Two patterns of anterior insular cortex functional connectivity in bipolar disorder and schizophrenia

Jian Li, Yanqing Tang, Fay Womer, Guoguang Fan, Qian Zhou, Wenge Sun, Ke Xu, Fei Wang

Research output: Contribution to journalArticlepeer-review

16 Scopus citations

Abstract

Objectives: Bipolar disorder (BD) and schizophrenia (SZ) share structural abnormalities in the anterior insula cortex (AIC). The AIC appears to have a crucial role in emotional processing and regulation and cognitive control in BD and SZ. Methods: Forty-six participants with BD, 68 with SZ and 66 healthy controls (HC) underwent functional magnetic resonance imaging scanning. Resting-state functional connectivity (rsFC) from AIC subregions (ventral and dorsal) was compared among the three groups. Results: Compared to HC group, both BD and SZ groups exhibited increased rsFC from the ventral AIC (vAIC) and dorsal AIC (dAIC) to bilateral frontal pole and thalamus, the left middle frontal gyrus and the hippocampus. Meanwhile, the BD group demonstrated increased rsFC from the vAIC to the perigenual anterior cingulate cortex, the SZ group presented increased rsFC from the vAIC and dAIC to the right caudate. Compared with the BD group, the SZ group showed significantly increased rsFC from the vAIC and dAIC to the left middle frontal gyrus. Conclusions: The shared AIC rsFC abnormalities in both BD and SZ support the importance of the AIC in the common pathophysiology of BD and SZ. There were also disorder-specific features of AIC rsFC, which might implicate potential avenues for differentiating during the early stages.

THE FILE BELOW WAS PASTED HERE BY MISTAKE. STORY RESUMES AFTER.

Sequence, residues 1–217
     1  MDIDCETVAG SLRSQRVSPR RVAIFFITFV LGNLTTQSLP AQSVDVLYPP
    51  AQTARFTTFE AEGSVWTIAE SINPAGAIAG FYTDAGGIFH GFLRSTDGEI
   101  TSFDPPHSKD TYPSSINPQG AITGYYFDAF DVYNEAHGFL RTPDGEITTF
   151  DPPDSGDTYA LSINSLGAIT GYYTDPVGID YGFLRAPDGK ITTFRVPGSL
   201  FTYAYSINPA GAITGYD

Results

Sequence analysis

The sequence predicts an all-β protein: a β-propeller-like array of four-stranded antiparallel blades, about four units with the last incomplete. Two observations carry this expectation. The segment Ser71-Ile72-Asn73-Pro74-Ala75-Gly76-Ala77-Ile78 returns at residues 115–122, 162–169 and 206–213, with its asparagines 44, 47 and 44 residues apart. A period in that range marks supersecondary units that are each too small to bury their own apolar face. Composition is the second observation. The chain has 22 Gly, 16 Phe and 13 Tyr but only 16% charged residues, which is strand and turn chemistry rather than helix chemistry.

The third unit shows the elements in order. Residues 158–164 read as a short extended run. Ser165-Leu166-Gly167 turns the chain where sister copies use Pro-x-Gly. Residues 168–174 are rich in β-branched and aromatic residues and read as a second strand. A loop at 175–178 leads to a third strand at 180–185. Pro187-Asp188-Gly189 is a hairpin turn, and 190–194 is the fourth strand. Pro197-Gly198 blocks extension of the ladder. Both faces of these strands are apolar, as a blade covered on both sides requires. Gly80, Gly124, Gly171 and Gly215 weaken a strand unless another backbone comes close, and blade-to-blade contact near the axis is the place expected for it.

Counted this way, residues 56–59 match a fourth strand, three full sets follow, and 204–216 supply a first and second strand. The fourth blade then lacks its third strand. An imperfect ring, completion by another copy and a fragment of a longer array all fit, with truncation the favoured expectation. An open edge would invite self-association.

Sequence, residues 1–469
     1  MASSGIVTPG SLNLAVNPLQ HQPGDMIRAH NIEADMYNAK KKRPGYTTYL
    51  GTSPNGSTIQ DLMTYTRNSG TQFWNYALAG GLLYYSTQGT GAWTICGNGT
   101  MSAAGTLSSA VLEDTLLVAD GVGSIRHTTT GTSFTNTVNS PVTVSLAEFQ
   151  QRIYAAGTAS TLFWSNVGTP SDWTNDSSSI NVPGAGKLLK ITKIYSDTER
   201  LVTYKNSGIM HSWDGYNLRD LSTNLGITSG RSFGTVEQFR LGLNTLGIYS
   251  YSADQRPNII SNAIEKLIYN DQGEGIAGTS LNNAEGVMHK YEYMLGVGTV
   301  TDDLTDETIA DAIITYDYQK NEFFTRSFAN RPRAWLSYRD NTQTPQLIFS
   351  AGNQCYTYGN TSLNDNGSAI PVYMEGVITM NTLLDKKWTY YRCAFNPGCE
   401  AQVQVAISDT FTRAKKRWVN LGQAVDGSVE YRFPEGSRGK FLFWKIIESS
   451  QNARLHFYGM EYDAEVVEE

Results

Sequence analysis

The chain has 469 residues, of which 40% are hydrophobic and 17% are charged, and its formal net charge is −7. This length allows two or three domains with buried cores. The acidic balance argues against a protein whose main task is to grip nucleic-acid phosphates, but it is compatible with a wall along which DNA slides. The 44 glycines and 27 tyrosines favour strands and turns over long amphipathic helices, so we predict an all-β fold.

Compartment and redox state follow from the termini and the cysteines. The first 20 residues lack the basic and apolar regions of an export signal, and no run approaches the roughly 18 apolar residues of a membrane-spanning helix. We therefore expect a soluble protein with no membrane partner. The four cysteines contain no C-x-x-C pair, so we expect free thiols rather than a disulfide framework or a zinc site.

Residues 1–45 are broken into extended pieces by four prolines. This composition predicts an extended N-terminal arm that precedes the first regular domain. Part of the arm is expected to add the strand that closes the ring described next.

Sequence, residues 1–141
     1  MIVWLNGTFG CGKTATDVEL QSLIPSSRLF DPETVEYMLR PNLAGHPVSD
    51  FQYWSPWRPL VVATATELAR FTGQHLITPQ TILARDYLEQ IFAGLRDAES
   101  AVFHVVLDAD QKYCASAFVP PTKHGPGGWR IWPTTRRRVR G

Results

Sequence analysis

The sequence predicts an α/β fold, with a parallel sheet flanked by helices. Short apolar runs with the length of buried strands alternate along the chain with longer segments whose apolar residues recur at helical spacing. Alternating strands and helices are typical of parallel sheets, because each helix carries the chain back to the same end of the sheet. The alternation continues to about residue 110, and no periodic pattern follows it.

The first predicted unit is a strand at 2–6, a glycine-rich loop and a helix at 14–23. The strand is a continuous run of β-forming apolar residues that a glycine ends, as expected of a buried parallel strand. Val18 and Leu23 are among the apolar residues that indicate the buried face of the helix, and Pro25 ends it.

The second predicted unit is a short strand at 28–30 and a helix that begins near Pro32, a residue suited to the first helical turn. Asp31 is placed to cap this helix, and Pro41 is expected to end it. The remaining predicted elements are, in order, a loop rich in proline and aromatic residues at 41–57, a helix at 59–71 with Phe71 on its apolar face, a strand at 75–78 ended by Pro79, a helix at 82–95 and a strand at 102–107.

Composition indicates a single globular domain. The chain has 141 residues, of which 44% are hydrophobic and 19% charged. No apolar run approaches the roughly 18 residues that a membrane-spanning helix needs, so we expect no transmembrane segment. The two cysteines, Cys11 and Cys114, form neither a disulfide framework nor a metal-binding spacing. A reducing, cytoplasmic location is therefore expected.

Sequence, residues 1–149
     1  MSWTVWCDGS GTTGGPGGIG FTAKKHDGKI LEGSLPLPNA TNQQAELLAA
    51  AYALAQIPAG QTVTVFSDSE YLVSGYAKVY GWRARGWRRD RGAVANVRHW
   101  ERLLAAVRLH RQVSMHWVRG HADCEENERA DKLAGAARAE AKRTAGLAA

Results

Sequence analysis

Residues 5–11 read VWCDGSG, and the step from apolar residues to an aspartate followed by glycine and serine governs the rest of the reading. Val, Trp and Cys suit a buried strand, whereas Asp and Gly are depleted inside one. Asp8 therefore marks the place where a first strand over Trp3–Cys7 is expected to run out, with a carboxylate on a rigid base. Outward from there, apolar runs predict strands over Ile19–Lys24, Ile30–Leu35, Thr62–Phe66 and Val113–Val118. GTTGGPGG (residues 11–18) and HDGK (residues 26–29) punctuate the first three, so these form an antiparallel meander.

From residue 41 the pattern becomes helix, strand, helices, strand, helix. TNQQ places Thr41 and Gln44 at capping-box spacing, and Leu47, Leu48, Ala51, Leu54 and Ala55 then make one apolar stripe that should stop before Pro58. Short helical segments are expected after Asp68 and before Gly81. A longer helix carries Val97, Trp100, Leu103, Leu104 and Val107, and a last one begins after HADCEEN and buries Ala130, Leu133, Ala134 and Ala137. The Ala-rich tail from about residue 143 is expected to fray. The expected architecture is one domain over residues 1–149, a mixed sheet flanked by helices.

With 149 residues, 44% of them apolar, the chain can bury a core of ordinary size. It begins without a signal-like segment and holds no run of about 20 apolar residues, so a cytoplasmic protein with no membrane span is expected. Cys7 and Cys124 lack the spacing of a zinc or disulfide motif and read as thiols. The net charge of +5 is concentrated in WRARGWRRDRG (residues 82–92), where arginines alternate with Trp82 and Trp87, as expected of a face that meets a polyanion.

Original languageEnglish
Pages (from-to)S115-S123
JournalWorld Journal of Biological Psychiatry
Volume19
Issue numbersup3
DOIs
StatePublished - Nov 15 2018

Keywords

  • Bipolar disorder
  • functional connectivity
  • insula cortex
  • magnetic resonance imaging
  • schizophrenia

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